Owners should consider consequences of walking away

Q: I have a question and statement. I keep reading and hearing about the government bailout for homeowners who are at risk for foreclosure. We, in Las Vegas, were the hardest hit.

My problem: I do not have a hardship. Even though my husband lost his job, I went to work full-time and we can afford our mortgage. But, our home is worth $150,000 less than we owe due to the drop in appraisal value. I put 25 percent down on a $500,000 home to avoid a jumbo loan and now all of that equity is gone. We can't relocate for my husband to work so we will stay here, but why isn't anyone in the government or in our local government trying to have all underwater homes readjusted to current market value to help people who might think their only option is to walk away?

I personally know a doctor, real estate agent and two physical therapists who are just not paying their mortgage. One pays his homeowners association fees and taxes and hasn't made a mortgage payment in 12 months. No one is coming after him and he is banking all of that money. He knows his credit score is shot, but doesn't care. The banks seem to prefer people not pay and stay in the home so it's not vacant. I will not walk away and not pay, but I am afraid more and more homeowners will as they think the value of the homes will not ever go back up. We need someone to speak for those who can pay their mortgage but are underwater due to the housing market fiasco.

I am a responsible, hard-working and honest citizen and this is ruining my life. My husband wants to stop paying like the others I mentioned, and I am having a hard time giving a reason why we shouldn't. If we can't pay, then I can get help, but because I can pay, and didn't buy beyond my means, I am suffering.

Please help me get the word out that if there isn't something done to readjust home values and mortgages, I have a feeling there will be plenty more people walking away. -- Christine G., Las Vegas

A: I sympathize with your situation, both personally and professionally. With an estimated 75 percent of all local homeowners owing more on their mortgage than the current market value of their home, thousands of local homeowners are facing a similar dilemma.

When a homeowner walks away even though they can afford to pay their monthly mortgage payment, it's called a strategic default.

I'm glad you said you don't plan on doing that.

The Greater Las Vegas Association of Realtor's position on this issue is that people should honor the contracts they signed and avoid the temptation to walk away from their home mortgage. This is especially true for those who can afford to pay their mortgage.

Of course, we all know many people are choosing to ignore that advice and the law.

Those who choose to walk away from their mortgage should understand the consequences. They include legal and credit ramifications. You should also know that government and mortgage industry leaders are working harder to discourage and crack down on strategic defaults.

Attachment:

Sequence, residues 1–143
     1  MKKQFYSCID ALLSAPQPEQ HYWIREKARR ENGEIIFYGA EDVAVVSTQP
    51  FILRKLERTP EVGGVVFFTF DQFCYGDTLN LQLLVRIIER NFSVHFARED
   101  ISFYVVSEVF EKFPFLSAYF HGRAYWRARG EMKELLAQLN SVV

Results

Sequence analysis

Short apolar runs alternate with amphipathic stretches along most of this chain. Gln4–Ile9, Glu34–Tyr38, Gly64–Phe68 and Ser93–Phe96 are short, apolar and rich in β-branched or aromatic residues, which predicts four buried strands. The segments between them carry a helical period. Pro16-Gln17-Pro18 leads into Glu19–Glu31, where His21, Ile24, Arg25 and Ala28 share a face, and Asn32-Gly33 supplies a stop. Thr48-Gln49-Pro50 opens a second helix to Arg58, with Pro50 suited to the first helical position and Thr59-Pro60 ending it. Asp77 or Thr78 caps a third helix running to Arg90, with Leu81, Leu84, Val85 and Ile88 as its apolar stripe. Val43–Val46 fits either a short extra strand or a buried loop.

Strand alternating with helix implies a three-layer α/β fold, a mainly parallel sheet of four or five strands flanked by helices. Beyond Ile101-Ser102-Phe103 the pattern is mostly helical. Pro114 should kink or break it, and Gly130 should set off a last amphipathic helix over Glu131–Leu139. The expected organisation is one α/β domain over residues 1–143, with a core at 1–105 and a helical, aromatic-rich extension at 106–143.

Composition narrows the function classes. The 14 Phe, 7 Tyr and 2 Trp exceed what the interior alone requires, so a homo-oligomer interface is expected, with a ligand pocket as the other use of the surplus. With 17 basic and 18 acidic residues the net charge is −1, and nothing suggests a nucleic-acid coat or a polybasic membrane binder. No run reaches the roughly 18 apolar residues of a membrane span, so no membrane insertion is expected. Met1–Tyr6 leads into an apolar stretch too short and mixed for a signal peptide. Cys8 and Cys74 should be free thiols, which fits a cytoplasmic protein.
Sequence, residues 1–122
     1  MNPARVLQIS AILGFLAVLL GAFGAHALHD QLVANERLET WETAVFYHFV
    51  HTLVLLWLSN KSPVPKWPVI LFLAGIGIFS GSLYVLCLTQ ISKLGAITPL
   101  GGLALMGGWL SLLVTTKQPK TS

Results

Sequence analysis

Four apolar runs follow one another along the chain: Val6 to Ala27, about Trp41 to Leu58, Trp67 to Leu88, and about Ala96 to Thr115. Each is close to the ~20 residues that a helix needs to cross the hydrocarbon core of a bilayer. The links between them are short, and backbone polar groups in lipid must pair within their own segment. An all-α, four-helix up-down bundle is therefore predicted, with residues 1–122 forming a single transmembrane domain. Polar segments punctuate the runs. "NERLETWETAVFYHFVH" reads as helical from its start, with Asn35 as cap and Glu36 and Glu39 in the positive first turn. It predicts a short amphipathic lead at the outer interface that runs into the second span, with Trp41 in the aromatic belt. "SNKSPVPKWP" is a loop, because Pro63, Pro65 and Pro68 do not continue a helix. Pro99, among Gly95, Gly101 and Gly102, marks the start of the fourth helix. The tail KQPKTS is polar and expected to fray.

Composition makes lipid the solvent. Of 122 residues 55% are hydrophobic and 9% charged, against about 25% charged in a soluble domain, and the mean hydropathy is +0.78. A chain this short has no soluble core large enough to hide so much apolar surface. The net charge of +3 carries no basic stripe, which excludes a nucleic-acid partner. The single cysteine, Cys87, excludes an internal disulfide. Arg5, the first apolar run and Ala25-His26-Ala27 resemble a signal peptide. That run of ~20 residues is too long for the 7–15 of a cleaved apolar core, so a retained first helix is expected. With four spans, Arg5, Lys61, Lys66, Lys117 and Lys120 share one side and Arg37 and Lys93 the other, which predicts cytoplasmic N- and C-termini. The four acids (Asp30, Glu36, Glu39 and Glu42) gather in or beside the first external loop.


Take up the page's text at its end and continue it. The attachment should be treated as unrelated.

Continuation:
For example, Fannie Mae, which has a federal charter to expand affordable housing and help lenders loan to homebuyers, recently revamped its policies to encourage borrowers to work with their loan servicers and pursue alternatives to foreclosure. Defaulting borrowers who walk away and had the capacity to pay, or did not complete a workout alternative in good faith, will now be ineligible for a new Fannie Mae-backed mortgage loan for a period of seven years from the date of foreclosure.

Terence Edwards, Fannie Mae's executive vice president for credit portfolio management, said these steps are intended to get borrowers and loan servicers to work together.

"Walking away from a mortgage is bad for borrowers and bad for communities, and our approach is meant to deter the disturbing trend toward strategic defaulting," he said. "On the flip side, borrowers facing hardship who make a good faith effort to resolve their situation with their servicer will preserve the option to be considered for a future Fannie Mae loan in a shorter period of time."

Fannie Mae will also take legal action to recoup the outstanding mortgage debt from borrowers who strategically default on their loans in jurisdictions that allow for deficiency judgments.

It is also instructing its loan servicers to monitor delinquent loans facing foreclosure and recommend cases that may warrant deficiency judgments.

Personally, I don't think federal or local governments can or should do as you suggest and have all underwater homes readjusted to current market value.

It may take several years, but home prices will eventually rebound.

As Fannie Mae points out, troubled borrowers who work with their servicers and provide information to help the servicer assess their situation can be considered for foreclosure alternatives, such as a loan modification, a short sale, or a deed-in-lieu of foreclosure. A borrower with extenuating circumstances who works out one of these options with their servicer could be eligible for a new mortgage loan in three years, or in as little as two years depending on the circumstances. For more information, visit efanniemae.com.

For more information on similar topics, consult a qualified local Realtor, visit foreclosurehelpfornevadans.org or visit lasvegasrealtor.com.

Rick Shelton is the president of the Greater Las Vegas Association of Realtors and has worked in the real estate industry for 20 years. GLVAR has 12,500 members. To ask him a question, e-mail him at ask@glvar.org. For more information, visit lasvegasrealtor.com. Questions may be edited for space and clarity.